Then you'll want to oversize anyway for startup (do all the disks spin up at once or do they have staged start?).
Ballpark 500W PSU is a fairly safe bet for your sort of rig. If you are a hardcore gamer and have a mental video card, that could add a bit. No harm in going to a slightly bigger PSU apart from cost but I'd feel failry happy with your sizing :)
Fileserver I take it?
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On 3/17/2013 7:29 PM, Tim Watts wrote:

Fileserver and a gaming pc at the same time. I game, but three teevees and other assorted devices will pull multimedia/music from the pc.
I'm gonna try encoding some video files tonight to test the kill-a-watt. Then I'll try a couple of video games with the most intensive graphics options set to test the same meter and see what happens.
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The power supply has to handle the peak loading that might occur and a Kill-A-Watt is just a cheap device that certainly is not intended for measuring non-linear waveforms such as those produced by switching power supplies. Almost every manufacturer of pc power supplies offers an online calculator.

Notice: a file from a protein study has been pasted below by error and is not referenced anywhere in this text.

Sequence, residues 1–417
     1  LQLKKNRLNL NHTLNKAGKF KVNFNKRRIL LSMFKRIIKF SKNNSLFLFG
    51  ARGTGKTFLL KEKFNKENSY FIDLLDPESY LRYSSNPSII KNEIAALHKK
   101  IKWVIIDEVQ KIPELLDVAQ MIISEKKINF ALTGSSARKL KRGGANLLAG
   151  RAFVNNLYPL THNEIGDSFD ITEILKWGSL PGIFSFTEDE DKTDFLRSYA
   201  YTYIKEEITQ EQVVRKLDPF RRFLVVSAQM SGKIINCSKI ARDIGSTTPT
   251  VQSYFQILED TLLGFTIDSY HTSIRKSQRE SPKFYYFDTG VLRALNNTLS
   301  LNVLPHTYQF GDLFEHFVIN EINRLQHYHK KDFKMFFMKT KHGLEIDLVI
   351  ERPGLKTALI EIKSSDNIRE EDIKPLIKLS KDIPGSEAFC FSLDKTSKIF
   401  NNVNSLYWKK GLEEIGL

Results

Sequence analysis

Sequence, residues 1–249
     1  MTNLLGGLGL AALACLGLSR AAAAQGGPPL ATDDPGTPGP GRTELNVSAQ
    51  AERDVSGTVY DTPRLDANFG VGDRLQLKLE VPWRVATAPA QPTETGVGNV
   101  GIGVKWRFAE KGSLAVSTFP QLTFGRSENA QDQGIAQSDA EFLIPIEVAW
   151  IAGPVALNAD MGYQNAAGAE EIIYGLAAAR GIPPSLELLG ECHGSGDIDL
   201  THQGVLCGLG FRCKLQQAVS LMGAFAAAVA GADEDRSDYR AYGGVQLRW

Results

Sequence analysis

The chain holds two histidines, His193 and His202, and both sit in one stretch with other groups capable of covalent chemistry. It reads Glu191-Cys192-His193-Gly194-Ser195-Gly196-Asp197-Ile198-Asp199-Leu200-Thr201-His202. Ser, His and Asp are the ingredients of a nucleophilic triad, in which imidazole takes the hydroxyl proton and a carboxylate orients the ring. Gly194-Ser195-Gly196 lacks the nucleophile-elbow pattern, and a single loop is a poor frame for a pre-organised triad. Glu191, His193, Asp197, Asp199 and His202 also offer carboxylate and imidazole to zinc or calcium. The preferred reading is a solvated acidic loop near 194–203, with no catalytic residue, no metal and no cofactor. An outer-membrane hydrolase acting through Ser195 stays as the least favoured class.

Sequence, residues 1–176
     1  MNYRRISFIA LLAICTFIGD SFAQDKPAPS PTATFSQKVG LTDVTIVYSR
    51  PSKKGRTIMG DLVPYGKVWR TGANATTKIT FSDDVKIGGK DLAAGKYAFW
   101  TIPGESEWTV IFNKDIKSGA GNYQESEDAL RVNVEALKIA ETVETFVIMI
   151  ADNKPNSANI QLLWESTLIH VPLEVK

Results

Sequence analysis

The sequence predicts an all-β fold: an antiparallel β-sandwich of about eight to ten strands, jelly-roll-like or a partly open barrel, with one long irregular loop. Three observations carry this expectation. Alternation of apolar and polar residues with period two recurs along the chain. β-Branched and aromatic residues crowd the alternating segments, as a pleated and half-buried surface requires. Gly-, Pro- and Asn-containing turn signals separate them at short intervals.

http://www.thermaltake.outervision.com/ http://images10.newegg.com/BizIntell/tool/psucalc/index.html http://support.asus.com/powersupply.aspx http://us.msi.com/service/power-supply-calculator/
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.msi.com/service/power-supply-calculator/
I wouldn't be so sure about the Kill-a-Watt meter being incapable of measuring the power draw of a switching power supply. Measuring voltage and amps, multiplying the two, and doing it at a fast enough rate to get an accurate reading isn't a difficult thing. That function can be done in a fairly simple and cheap chip, it's nothing exotic. It's less complicated that what's done in other cheap, consumer electronics.
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wrote:

Are you sure about that? I would think the most expensive might be 0.9. The lower cost are around 0.75